The particle feed devices 43 and 44 may deposit particles 13 on the belt 41 in any suitable pattern or patterns and may operate in any suitable way to do so. FIG. 5 shows an illustrative pattern used to form a sheet material 10 that can in turn be used to produce the snowboard base shown in FIG. 1. In this illustrative embodiment, the particle feed device 43 deposits particles 13 in an area 12 on the belt 41, and the particle feed device 44 deposits particles 13 in strips 11a and 11b on either side of the area 12. The result is that the particles in the strips 11 are joined together and to the particles in the central area 12 to form the final sheet material 10.
It should be understood that although the illustrative embodiment shown in FIG. 4 includes two particle feed devices 43 and 44, three or more feed devices may be used in different applications. Moreover, the particle feed devices 43 and 44 may operate in any suitable way as is well known in the art. For example, the particle feed device 43 and 44 may include a hopper arrangement that deposits particles 13 onto a sloped, vibrating tray (not shown). Particles 13 may slide off the tray and be directed between one or more fences (not shown) to certain areas on the belt 41. For example, the fences may be arranged so that particles 13 from the particle feed device 43 are directed to the area 12 on the belt 41, and particles 13 from the particle feed device 44 are directed to the areas 11a and 11b on the belt 41. While the fences may be arranged to define the area on the belt 41 in which the particles 13 are positioned, a doctor blade or other device may ensure that the particles 13 are deposited in a uniform and desired thickness on the belt 41.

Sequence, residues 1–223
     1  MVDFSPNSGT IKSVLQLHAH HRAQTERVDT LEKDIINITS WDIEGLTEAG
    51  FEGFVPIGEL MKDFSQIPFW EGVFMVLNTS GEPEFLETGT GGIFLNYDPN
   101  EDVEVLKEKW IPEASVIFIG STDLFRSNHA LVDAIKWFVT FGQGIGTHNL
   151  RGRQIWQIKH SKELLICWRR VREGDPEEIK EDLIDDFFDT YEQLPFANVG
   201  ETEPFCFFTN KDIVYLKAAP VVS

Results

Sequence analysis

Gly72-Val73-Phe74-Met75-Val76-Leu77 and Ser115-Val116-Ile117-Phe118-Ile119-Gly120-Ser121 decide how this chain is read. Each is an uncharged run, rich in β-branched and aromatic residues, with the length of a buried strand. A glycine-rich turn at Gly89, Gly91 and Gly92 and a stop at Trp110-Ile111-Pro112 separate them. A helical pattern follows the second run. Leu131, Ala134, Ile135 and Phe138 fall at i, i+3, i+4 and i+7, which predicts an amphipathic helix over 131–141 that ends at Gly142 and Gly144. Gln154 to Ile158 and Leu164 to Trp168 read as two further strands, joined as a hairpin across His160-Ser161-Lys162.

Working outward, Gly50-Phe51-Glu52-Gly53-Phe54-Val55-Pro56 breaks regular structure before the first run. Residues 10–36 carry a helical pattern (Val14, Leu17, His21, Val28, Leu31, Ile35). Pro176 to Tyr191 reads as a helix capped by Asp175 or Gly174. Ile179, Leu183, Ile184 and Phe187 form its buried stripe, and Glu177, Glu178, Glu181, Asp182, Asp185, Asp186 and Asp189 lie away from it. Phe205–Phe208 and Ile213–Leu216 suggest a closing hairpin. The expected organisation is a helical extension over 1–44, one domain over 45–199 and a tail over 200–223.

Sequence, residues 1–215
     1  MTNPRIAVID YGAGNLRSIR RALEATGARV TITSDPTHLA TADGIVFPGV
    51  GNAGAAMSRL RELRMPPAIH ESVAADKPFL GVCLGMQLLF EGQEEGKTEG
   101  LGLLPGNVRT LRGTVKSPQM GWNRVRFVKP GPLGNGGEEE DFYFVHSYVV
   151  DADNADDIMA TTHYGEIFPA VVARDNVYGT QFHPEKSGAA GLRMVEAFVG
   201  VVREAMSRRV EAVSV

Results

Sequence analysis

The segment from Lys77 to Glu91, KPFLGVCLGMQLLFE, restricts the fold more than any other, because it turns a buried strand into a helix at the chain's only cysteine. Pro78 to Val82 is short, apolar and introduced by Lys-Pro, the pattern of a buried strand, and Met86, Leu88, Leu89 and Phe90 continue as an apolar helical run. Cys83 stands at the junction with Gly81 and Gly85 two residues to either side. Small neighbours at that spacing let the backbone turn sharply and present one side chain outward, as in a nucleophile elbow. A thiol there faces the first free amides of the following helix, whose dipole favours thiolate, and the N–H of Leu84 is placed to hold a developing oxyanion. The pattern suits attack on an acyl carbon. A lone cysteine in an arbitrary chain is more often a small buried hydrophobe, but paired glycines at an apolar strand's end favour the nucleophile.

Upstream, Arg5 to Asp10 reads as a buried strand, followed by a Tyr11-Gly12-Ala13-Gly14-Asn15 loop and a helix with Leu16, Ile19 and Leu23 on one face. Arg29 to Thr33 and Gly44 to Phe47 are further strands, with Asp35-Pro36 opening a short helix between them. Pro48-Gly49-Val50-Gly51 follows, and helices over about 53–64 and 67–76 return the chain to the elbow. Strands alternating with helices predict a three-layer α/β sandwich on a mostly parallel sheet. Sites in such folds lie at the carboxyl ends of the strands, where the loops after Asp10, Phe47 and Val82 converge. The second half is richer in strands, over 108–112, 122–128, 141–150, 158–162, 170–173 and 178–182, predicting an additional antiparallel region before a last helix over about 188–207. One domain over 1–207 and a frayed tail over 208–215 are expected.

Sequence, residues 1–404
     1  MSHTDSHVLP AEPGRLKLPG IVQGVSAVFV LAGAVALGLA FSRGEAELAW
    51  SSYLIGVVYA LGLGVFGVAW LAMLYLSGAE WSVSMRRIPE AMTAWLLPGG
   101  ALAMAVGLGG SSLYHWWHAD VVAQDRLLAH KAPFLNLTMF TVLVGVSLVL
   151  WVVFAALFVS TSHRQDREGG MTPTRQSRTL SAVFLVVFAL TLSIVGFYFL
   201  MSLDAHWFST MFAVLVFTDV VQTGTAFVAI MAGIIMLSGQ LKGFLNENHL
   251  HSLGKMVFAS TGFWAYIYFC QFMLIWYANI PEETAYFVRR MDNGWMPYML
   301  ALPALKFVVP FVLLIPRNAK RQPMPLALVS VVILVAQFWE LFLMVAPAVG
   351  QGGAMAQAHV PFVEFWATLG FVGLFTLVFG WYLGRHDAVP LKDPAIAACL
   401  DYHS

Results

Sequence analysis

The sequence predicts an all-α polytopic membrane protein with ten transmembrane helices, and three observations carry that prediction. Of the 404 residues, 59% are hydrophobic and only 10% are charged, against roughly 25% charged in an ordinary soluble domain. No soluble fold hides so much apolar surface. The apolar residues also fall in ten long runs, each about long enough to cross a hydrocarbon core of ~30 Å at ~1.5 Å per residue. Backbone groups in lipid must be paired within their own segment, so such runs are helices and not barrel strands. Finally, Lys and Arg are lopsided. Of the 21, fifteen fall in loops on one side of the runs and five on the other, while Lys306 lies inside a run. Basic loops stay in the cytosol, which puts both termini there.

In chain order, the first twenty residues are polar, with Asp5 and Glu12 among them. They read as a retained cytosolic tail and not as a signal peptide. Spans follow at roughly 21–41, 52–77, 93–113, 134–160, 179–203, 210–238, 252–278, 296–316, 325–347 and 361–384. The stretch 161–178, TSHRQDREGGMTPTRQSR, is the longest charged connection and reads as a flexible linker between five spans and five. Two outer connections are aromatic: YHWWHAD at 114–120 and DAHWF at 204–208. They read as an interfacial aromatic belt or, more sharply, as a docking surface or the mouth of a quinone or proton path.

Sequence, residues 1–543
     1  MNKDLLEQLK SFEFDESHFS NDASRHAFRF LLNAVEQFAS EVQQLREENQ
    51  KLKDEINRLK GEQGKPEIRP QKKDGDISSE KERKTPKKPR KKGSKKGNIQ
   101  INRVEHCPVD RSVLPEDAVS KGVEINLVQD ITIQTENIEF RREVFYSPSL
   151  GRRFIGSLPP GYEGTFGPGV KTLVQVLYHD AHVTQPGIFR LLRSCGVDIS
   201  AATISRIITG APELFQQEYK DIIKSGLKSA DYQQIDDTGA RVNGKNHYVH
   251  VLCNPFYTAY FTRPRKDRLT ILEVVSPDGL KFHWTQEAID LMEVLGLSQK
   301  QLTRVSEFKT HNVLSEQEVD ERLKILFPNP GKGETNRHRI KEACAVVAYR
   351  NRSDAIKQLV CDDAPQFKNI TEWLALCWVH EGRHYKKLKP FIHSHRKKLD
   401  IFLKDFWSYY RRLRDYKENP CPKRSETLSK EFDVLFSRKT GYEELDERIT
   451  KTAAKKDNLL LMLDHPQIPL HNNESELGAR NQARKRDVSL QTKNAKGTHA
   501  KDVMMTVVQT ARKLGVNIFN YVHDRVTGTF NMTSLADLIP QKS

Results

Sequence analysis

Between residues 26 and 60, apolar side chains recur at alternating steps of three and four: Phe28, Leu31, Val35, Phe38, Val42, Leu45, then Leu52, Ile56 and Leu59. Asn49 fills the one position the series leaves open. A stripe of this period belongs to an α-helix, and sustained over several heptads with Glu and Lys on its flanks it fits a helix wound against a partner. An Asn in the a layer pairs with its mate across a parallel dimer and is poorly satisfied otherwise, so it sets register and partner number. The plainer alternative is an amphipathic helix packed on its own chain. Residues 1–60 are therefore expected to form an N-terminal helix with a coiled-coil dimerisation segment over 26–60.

The fences may be movable, e.g., in a direction parallel to the plane of the belt 41, to allow the width of the areas 11 and 12 on the belt 41 to be adjusted. For example, the fences may adjust the width of the area 12 to be wider in some portions of the sheet material 10 than in others. This ability to adjust the width of the areas 11 and 12 may be useful, for example, when forming a sheet material 10 for snowboards or other gliding boards that have a sidecut, or curvature of the edges 15 so that the base has a kind of hourglass shape as shown in FIG. 1. Thus, the area 12 may be made to have a corresponding hourglass-type shape in the sheet material 10 so that the areas 11a and 11b on the snowboard base are not made significantly more narrow near the center of the board as compared to the ends of the board, e.g., the areas 11a and 11b may have a substantially constant width along the length of the board shown in FIG. 1. The fences may ensure that the transition between areas 11a, 11b and 12 in the final sheet material 10 are relatively sharply defined by directing particles 13 for the areas 11 and 12 to form sharp boundaries before sintering. Alternately, the fences may allow more mixing of the particles 13 between areas 11 and 12 to fuzz the transition between areas.